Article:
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A new Ohio law mandating licensure for home health agencies and providers will go into effect July 1, 2022. This law will be codified at O.R.C. § 3740.01 et seq., and comes from Ohio House Bill 110 affecting both “home health agencies” and “individual non-agency providers.” Home health agencies are those persons or government entities that provide skilled home health services or nonmedical home health services at a patient’s home. Individual non-agency providers are natural persons who are self-employed to provide skilled home health services or nonmedical home health services.

Beginning on July 1, 2022, home health agencies must have valid licenses to provide either skilled home health services or “nonmedical home health services” through one or more employees. Non-agency providers must also have a license to provide skilled or nonmedical home health services.

Under the new law, nonmedical home health services include, but are not limited to, bathing assistance, meal preparation, assisting with dressing, and other personal services. Skilled home health services include skilled nursing care, physical therapy, occupational therapy, speech-language pathology, medical social services, and home health aide services.

Applications for licenses for home health agencies and nonagency providers seeking to provide skilled home health services require the following documentation:

  • Proper evidence of certification for participation in the Medicare program
  • Evidence of accreditation by a national accreditation organization approved by the Centers for Medicare and Medicaid Services
  • Evidence of certification by the Department of Aging to provide such services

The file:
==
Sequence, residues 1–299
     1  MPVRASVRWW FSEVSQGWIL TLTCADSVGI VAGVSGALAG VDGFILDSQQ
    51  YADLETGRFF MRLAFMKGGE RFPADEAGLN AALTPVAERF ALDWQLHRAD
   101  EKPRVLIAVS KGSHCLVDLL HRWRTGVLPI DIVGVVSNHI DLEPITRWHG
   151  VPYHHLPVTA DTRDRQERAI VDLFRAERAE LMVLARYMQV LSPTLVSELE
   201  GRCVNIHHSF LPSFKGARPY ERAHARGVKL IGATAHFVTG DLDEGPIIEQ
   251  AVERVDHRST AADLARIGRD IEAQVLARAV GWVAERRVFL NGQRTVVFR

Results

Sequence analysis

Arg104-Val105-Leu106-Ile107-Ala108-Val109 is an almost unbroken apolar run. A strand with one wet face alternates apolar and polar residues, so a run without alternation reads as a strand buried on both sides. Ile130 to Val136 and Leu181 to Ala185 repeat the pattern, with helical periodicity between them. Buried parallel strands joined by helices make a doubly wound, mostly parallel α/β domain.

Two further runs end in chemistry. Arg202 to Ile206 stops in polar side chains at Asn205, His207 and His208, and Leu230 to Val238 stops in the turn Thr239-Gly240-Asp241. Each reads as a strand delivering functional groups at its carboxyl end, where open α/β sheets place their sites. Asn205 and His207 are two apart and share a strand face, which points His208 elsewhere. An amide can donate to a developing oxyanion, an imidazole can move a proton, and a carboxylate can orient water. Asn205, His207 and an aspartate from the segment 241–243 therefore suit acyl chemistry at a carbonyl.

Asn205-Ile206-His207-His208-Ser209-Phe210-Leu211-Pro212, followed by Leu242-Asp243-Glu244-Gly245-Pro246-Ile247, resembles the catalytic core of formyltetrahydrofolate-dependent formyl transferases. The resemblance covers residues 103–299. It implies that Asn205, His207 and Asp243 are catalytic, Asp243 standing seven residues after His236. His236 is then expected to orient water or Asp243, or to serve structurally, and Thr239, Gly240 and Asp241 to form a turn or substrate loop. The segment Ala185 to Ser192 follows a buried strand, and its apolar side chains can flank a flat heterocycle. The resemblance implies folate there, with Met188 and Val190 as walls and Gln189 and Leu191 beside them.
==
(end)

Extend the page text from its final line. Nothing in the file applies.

• Evidence of past provision of direct care (i.e., the provision of home health services in a patient’s home or that require routine access to a patient’s personal property or financial documents); or, in the absence of evidence showing the prior provision of past care, a surety bond in the amount of $50,000
  • An application fee of $250
  • Copies of fingerprints of the primary owner or the agency, if applicable, or the non-agency provider
  • Copies of any filings with the Ohio Secretary of State
  • Copies of an agency’s criminal record check
  • A notarized affidavit confirming the applicant’s identity
  • Other additional documents outlining the agency or provider’s operations, such as a description of services to be provided, an address of the agency or provider’s place of business, and days and hours of operation.

Issued licenses are valid for three years and are renewable upon payment of a renewal fee and continued compliance with licensure requirements.

A home health agency or non-agency provider who holds a skilled home health services license can provide nonmedical home health services. However, a home health provider or non-agency provider who holds a license to provide nonmedical home health services cannot perform skilled home health services without holding a valid skilled home health services license.

Prior to the effective date of the bill, the Ohio Department of Health will promulgate rules providing further details on the provision of these licenses.

For any questions about Ohio HB 110 and the licensing process for home health agencies and non-agency providers, please contact Cami Trachtman or any other member of Frost Brown Todd’s Health Care Innovation team.